Wednesday, February 27, 2013

The Voiceover Bakery...

Voiceover work is like making bread

One of the many things I enjoy doing when I'm not in the studio doing voiceovers is baking artisan breads. Every bread baker knows that the basic ingredients to a loaf of bread are : flour, water, yeast and salt.

To those you can add things to change it's appearance, flavor, texture and aroma.
Like in making bread, all voiceover artists start with the basic ingredient – the voice (flour), to that we add interest (water) and a desire to succeed (yeast). But left uncontrolled the mixture can become unwieldy. The bread will grow too fast, become course and full of holes. So we add a little salt to the mixture (training). And, then we bake it (make the demo). If left unattended to rise too long, the dough will fall once it hits the heat of the oven, resulting in a flat, unappealing mess suitable only as a door stop. It's the same in the voiceover world. Some are happy with the results and go no further. They have a product and it looks good and tastes OK, but not everyone likes plain white bread. So we add additional ingredients to give it texture, a special flavor and even an appealing aroma.

Voiceover Bakery image

In the voice world, we have to do the same thing. Some people do very well marketing their plain white bread (generic announcer read). Many bakers find that their customers want something different so they add some variety flours, perhaps some seeds, spices or nuts, or maybe something for appearance like a little sugar so the crust will brown up nicely. We might add some salad oil to the initial mixture so the bread is softer. We do that same thing in our voiceover world. We add variety, an accent or dialect, pitch and tone. We change our character for effect. Sometimes the client needs a curmudgeon and other times a caring grandfather.

Not everyone can or wants to be an artisan bread baker. But, those that do and have the perseverance can succeed. It takes time, patience and lots of practice till you get it right. Oh yes, there are snake oil salesmen in our midst, claiming that anyone can make a beautiful loaf of bread and live happily ever after, if you buy their special bread machine. “Oh it's guaranteed to make a beautiful loaf every time.” Sure they might look good at first but there's something half-baked about a machine-made loaf of bread. It lacks the character and the over-all appeal of a hand crafted loaf that comes from careful kneading and baked in a slow oven with event heat.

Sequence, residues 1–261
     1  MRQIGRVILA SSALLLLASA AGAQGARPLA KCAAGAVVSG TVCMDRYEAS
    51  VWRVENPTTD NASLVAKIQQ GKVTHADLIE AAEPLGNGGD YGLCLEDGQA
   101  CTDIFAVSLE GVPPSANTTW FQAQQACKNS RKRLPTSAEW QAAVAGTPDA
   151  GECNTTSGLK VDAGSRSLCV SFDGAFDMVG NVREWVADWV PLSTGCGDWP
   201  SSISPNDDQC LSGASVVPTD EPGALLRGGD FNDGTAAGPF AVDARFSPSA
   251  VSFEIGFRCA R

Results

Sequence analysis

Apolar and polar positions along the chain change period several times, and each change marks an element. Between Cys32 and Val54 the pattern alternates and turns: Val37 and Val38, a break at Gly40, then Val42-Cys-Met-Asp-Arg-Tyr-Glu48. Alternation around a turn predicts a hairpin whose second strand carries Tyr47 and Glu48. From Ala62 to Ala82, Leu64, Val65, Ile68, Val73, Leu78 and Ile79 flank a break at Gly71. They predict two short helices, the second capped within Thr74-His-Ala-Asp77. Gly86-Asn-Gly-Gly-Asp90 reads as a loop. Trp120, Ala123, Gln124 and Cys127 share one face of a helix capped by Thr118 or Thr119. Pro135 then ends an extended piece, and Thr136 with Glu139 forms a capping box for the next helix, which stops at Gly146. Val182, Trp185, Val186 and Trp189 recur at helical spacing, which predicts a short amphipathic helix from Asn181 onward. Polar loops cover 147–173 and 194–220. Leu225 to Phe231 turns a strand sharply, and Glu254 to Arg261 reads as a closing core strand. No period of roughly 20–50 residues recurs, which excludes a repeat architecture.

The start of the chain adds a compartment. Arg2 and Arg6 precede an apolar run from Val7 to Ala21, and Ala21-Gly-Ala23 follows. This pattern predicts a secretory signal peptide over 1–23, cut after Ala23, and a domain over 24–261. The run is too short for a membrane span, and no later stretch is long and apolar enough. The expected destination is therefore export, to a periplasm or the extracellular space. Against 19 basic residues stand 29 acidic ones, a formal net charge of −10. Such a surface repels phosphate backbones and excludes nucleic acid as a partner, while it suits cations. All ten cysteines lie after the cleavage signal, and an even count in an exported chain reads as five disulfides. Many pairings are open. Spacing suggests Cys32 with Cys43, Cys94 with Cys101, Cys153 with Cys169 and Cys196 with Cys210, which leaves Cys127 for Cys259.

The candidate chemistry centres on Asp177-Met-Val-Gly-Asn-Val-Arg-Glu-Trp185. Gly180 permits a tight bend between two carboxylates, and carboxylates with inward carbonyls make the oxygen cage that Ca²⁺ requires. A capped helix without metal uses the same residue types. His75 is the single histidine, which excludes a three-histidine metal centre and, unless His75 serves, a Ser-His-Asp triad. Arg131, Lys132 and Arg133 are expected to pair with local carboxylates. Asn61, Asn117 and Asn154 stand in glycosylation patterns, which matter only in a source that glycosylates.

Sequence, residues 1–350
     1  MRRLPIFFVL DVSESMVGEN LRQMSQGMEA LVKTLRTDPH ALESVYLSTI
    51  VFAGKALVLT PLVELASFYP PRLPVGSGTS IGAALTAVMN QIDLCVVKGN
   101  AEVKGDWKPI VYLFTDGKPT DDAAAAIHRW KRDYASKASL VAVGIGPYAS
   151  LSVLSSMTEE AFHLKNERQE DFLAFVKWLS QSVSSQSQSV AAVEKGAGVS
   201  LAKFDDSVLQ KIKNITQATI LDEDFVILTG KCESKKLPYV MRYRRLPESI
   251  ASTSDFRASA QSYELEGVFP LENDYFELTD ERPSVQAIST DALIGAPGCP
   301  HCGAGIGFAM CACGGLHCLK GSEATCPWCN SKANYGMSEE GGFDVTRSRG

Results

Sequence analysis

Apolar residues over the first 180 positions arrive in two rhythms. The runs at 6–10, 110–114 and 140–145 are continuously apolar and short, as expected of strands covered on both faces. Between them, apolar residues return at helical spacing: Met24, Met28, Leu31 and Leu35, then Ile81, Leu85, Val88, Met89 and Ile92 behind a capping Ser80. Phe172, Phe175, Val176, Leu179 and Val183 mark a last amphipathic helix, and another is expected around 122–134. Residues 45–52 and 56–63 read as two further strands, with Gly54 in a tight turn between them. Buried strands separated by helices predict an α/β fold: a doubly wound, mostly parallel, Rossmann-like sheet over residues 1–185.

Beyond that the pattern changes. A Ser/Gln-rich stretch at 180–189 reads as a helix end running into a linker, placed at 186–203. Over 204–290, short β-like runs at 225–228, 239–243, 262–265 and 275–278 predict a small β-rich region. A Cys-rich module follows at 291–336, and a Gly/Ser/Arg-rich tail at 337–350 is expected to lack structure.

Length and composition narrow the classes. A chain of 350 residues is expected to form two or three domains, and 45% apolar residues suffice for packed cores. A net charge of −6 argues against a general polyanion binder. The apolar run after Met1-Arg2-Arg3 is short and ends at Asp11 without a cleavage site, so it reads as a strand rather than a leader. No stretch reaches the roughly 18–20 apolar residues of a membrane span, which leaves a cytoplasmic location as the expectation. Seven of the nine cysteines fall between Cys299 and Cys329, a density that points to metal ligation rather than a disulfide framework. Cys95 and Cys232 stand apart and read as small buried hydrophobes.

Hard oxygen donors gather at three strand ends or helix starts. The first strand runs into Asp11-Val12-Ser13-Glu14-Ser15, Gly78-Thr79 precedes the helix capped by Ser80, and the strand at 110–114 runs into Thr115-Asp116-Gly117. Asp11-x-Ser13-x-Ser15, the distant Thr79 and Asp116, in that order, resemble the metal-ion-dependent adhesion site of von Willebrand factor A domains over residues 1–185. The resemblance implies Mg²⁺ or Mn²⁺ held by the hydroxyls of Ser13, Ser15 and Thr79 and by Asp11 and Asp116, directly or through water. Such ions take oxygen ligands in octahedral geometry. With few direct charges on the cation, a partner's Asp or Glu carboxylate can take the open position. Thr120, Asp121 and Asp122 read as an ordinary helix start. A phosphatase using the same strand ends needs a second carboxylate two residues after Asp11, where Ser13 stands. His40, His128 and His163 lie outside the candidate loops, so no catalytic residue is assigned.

Next week:  The Petrified Buffalo Heart

Wednesday, February 20, 2013

Jackson Beck's Advice to Voice Actors:

“Accept mustn't let that get you down...” 

I have so many interests it's mind boggling at times just keeping track of things. In last week's post I talked about my fascination with radio and the desire to work in that field. I always admired the radio actor and the play or performance on the radio. That started, I suppose, when I would visit my grandmother. She was semi-invalid and didn't stray far from her chair next to the huge mahogany box with the glowing green eye that got brighter when she tuned to the radio station she wanted to listen to, usually WGY in Schenectady. It was and is 50,000 watts of AM power and its signal reached most of the eastern seaboard. From an early age, I would hear the stories of Pepper Young's Family, Young Doctor Malone and Ma Perklins coming from her radio. I loved how I was able to create my own images. I didn't have to watch that cathode ray tube that sat in the living room with a black and white screen. I was able to have a full color image. The characters would be as creepy or as beautiful as I wanted them to be. I often think how difficult it must be for the youth of today to do that. Everything is “in their face,” no imagination required.
 As a teenager, once I had my own portable radio, I discovered there were some other drama shows being broadcast. However, they all disappeared from the airwaves with the final broadcasts of Gunsmoke, Suspense and Yours Truly, Johnny Dollar. There was a short renaissance from 1974 to 1982 with the CBS Mystery Theater.